I welcome all your comments



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The Manger Is Empty.

The Manger Is Empty.

Photo from

Photo from

Although it is wonderful to celebrate the coming of the baby Jesus at Christmas, there is an important thing to remember. The manger is now empty. Jesus the Messiah is now not only grown to be a man, he sacrificed himself for us, died on a cross and rose again. He is now seated in glory at the right hand of God the Father. Yet, defying our imagination, he also comes, with the Father, to make a home in our hearts when we love him and obey him. What does obedience on our part require? To believe in him above all else in our lives, to put him above all else in our lives. This leaves me speechless [almost].

But let’s back up to the manger. It was an incredible miracle for Jesus to be born in a lowly manger for our salvation [and according to scripture we don’t know if there was even a stable…scripture makes no reference to one.] The biggest, most amazing miracle for me happened nine months earlier. Jesus, the son of God, who, according to the Gospel of John, was with God in the beginning and was God, and through whom all things were made, Jesus became a tiny human single cell in Mary’s womb.

Human fetus at 12 weeks gestation; Photo from Google Images

Human fetus at 12 weeks gestation; Photo from Google Images

Did the Father say, “We need a human savior who is also God, a savior who will come to earth in all aspects as a human, including starting human life as a tiny cell. And Jesus the Son part of God the Trinity, said, “Pick me, I’ll go.”

The Father said, “You will have to divest yourself of all your glory. No God-attributes until you are 30 some years old and are baptized in the Holy Spirit.” Jesus; “That’s okay, pick me.” The Father adds, “You will have no autonomy even as a human until you reach human adulthood. You will rely entirely on your parents, and they may not always have all they need to provide even a good human life. You will have times of being poor in human terms. They may also make mistakes as all human parents do.”

Jesus; “That’s Okay, pick me.”

So The Father said, “I choose you. You are the chosen one.”

And so it happened. The embryo grew in the womb of an unknown, unmarried young girl who was probably somewhere between 12 and 14 years old. The baby was born in a dark corner of the world and laid in a manger, a feeding trough. His arrival was not announced to kings or religious leaders, but to the lowliest in human terms, shepherds. But his glory was revealed then, in the visitation of myriads of angels saying [and likely singing] Glory to God in the Highest and the good will of God towards humans.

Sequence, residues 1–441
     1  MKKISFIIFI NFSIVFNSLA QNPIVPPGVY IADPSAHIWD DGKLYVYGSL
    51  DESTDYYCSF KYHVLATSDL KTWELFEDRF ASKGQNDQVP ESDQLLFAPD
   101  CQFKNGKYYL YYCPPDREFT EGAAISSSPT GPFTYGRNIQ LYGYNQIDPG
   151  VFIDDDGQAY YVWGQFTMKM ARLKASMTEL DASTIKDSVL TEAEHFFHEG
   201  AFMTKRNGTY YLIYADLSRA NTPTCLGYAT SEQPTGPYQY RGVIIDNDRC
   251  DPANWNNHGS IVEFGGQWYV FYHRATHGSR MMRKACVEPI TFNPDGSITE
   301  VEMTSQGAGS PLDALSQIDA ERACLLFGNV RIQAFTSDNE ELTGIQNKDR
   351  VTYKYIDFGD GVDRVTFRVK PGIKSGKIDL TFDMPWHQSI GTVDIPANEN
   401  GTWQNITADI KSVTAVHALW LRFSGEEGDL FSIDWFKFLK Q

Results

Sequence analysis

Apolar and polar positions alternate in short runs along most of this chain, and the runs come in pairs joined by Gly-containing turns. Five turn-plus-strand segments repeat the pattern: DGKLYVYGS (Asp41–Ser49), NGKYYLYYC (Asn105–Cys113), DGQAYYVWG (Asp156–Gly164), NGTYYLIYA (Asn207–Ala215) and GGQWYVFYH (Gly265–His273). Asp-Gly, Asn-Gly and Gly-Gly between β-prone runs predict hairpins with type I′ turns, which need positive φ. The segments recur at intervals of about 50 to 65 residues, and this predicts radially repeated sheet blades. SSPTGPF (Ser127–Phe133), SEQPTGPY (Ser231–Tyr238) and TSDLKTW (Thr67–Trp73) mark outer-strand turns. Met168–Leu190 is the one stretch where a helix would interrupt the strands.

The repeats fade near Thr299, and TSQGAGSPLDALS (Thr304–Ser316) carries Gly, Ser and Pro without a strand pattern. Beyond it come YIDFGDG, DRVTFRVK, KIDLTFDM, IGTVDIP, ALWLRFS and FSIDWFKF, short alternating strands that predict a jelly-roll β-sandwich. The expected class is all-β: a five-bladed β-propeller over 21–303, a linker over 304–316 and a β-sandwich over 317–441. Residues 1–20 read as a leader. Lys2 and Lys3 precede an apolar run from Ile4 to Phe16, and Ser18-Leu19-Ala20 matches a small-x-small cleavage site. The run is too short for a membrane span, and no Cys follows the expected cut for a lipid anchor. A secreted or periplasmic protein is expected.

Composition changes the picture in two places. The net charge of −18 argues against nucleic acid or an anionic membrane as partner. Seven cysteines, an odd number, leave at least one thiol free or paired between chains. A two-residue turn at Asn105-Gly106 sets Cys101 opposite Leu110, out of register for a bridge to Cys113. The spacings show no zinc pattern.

This is Christmas, the Celebration of Christ our Saviour and Deliverer.

Scripture references; Colossians 3:1, Hebrews 1:2-4, Hebrews 4:15-16, John 14:6-7, 9, 23, John 1:1-5, John 5:24, Luke 1:26-38

Please share your thoughts with us; leave a comment

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A Weighty But Delicate Subject

Hi. My name is Diana and I’m addicted to M&Ms and almost all forms of chocolate, as well as cheesecake, and anything creamy and sweet, etc. But with the help of a Higher Power I am going to overcome…

Okay, this is hard…fessing up here for God and Everybody to see. But I have to do it. Challenge myself.

Yes, I conducted a personal and private “intervention” for and with myself [took a lot of selfies over time as well as combed through my past pictures] and made a personal photo album that spans the past ten or twelve years. I can see where I’ve been, where I am now, and face my weight. Ugh.

Me with my little, ie much younger, sister.

Me with my little, ie much younger, sister.

I tried to be positive about it. I reminded myself that recently when I posted a nice current pic of myself on Facebook I was hit on by three different guys [who looked to be in their late 40s to mid 60s]. They all wanted to PM with me [I didn’t know them, they weren’t even FB “friends”] and one wanted my phone number. Wow. Haven’t had that happen for years. Now, mind you, it was a head and shoulders pic. But I can safely say, I have a nice, even pretty, face. [My dear hubby has said it, but it’s nice to get supportive evidence. “smile.”] Being able to say anything positive is very helpful. I also faced that I am very overweight.